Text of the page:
What Moses accomplished with breaking the tablets was the demonstration of the truth that the stuff we call holiness can be carved out from the very alienation of a person from G-d. From the very turmoil of his or her psychological and spiritual brokenness, a new holiness can be discovered.

It is on this note that the Torah chooses to culminate its tribute to Moses’ life. The greatest achievement of Moses was his ability to show humanity how we can take our brokenness and turn it into a holy of holies. There is light and joy to be found in the fragments of sacredness.[6]

Sources

[1] Talmud Bava Basra 14a.

[2] On Yom Kippur, the holiest day of the year, the high priest would not perform the service with his usual golden garments, since gold was remotely reminiscent of the golden calf. Yet in this instance, throughout the entire year, the very symptom of the golden calf – the broken tablets – were stored in the holy of holies! Cf. Ramban and Ritva to Bava Basra ibid; Likkutei Sichos vol 26 Parshas Ki Sisa.

[3] Rabbi Shlomo Yitzchaki (1040-1105), whose work is the most basic of biblical commentaries.

[4] See Talmud Shabbas 87a and Rashi ibid; Rashi to Deut. 34:12, the final verse of the Torah.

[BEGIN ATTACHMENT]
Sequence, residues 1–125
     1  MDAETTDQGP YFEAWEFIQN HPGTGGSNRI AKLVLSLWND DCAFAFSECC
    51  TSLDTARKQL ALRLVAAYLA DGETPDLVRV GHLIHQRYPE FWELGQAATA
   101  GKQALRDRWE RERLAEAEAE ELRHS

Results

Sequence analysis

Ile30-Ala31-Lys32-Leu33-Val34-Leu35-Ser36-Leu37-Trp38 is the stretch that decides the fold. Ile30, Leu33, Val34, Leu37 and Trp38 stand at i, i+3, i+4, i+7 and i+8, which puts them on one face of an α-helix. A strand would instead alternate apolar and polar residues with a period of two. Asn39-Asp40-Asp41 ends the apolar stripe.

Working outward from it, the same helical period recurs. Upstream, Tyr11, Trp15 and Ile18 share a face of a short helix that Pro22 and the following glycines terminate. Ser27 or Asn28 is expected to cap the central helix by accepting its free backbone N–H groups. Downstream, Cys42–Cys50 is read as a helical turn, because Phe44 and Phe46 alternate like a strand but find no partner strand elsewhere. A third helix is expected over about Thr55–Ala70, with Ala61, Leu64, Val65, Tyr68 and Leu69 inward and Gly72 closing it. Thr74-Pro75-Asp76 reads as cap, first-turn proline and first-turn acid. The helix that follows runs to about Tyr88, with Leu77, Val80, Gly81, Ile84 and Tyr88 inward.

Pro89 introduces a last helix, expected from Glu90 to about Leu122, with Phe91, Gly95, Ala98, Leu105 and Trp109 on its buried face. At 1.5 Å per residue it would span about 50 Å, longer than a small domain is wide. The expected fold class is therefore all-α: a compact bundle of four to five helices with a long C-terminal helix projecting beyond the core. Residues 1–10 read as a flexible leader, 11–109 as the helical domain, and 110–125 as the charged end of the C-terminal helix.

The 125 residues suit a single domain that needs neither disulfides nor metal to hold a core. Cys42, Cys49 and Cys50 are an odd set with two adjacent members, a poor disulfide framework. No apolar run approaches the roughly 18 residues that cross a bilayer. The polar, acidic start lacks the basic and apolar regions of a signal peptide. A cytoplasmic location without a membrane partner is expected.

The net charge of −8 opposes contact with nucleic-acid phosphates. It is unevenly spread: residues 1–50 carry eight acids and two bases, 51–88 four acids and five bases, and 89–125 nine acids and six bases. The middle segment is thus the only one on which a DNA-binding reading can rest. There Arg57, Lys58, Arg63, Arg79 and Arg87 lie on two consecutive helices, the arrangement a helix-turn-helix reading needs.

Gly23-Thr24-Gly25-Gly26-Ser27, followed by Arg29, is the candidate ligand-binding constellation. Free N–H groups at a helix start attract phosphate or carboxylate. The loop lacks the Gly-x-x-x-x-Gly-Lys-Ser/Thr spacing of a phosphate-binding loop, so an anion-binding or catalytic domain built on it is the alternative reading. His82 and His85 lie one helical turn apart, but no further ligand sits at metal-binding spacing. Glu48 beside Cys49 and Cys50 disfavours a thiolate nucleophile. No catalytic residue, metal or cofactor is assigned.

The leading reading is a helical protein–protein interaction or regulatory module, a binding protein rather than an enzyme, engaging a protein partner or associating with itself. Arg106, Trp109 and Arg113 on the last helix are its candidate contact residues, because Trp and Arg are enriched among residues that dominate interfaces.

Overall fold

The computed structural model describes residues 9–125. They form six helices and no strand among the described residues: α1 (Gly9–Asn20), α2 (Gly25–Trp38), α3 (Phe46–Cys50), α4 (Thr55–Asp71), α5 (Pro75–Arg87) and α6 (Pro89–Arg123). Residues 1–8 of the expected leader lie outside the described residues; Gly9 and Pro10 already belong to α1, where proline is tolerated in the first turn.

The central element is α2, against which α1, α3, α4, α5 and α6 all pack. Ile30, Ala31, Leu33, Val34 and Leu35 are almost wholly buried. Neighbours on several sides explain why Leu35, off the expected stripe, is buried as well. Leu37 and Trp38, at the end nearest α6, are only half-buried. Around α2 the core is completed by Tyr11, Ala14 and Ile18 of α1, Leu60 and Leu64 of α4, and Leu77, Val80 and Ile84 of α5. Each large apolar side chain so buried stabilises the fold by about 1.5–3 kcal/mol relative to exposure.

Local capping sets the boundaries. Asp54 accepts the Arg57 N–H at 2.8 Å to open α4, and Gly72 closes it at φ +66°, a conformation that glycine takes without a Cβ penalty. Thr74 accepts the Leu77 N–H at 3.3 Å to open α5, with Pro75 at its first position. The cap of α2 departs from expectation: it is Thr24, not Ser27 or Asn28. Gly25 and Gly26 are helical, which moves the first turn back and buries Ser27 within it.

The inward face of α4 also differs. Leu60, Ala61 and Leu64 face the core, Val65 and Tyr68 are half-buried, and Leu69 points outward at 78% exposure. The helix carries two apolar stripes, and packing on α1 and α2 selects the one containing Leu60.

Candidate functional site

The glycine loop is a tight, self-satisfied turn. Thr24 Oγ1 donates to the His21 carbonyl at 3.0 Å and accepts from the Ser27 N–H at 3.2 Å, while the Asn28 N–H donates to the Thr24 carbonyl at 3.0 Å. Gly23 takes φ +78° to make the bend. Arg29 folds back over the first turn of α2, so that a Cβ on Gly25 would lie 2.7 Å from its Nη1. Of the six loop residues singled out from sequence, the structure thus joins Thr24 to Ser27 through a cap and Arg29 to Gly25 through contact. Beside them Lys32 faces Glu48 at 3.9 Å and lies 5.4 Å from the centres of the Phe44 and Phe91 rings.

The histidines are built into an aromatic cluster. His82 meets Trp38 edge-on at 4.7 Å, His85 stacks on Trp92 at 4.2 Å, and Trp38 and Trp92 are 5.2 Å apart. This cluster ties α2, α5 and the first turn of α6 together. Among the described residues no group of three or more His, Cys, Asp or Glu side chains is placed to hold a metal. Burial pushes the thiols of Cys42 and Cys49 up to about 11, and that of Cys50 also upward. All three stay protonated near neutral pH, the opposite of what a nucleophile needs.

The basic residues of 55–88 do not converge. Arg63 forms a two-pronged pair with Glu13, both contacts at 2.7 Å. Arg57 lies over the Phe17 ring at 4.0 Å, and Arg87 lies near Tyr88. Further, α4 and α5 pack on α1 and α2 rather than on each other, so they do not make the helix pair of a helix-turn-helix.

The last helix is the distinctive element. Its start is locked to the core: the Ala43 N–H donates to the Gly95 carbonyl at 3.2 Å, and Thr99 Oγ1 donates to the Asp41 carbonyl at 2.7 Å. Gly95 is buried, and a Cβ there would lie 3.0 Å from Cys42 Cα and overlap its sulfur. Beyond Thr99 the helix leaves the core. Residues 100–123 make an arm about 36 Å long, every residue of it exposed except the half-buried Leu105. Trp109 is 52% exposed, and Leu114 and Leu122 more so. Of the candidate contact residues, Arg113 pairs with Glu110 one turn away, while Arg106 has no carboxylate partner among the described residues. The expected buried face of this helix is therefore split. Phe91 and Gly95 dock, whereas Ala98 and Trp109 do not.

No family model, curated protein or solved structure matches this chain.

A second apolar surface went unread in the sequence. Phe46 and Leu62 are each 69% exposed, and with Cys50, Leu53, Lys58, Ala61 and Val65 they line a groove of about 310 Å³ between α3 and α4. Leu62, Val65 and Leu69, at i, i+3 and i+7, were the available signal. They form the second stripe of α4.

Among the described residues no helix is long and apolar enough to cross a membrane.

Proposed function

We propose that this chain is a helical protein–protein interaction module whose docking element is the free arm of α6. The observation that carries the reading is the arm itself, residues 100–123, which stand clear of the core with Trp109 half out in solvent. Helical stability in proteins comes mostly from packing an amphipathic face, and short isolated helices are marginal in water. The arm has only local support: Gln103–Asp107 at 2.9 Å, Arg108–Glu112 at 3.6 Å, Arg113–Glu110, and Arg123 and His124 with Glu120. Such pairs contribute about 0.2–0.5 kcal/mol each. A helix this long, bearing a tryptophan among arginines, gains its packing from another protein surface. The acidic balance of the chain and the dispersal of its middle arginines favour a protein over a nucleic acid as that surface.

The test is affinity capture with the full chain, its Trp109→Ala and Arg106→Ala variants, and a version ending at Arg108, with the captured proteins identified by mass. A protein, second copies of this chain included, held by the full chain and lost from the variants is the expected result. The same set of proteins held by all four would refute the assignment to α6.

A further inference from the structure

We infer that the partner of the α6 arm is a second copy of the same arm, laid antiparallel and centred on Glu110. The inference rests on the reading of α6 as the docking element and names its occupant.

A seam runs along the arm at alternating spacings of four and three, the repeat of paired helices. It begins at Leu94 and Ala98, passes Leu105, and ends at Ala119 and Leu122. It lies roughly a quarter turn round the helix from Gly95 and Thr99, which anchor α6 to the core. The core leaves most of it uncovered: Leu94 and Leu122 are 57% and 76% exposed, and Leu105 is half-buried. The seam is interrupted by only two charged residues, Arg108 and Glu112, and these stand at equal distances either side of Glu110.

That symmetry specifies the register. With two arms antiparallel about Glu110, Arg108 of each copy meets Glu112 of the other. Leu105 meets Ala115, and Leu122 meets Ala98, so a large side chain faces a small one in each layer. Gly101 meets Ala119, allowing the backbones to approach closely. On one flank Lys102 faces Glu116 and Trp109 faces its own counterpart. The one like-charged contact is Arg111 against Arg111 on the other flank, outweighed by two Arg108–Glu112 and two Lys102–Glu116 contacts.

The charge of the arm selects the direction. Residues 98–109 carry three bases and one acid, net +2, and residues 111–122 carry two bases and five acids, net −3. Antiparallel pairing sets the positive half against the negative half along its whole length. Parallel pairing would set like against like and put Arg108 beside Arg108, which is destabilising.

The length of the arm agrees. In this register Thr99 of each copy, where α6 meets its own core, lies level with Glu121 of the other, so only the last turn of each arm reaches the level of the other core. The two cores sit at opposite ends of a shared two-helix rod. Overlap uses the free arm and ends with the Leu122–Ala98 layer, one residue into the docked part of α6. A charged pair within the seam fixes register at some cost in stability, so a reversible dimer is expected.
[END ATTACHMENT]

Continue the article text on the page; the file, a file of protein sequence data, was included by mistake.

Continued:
[5] “G-d said to Moses: ‘Do not be distressed over the First Tablets, which contained only the Ten Commandments. In the Second Tablets I am giving you, you will also have Halachah, Midrash and Aggadah” (Midrash Rabbah, Shemot 46:1.) This means, that it was precisely the breaking of the tablets that became the catalyst for a far deeper divine revelation.

[6] This essay is based on a talk delivered by the Lubavitcher Rebbe, on the 20th of Av 5725, August 18th 1965, on the occasion of his father’s yartziet. In this talk, in which the Rebbe broke down twice, he described the agony of many deeply spiritual Jews put in situations where they are unable to study Torah and observe its Mitzvos. “There are times when G-d wants your mitzvos,” the Rebbe said, “and other times when He wants your ‘broken tablets.’”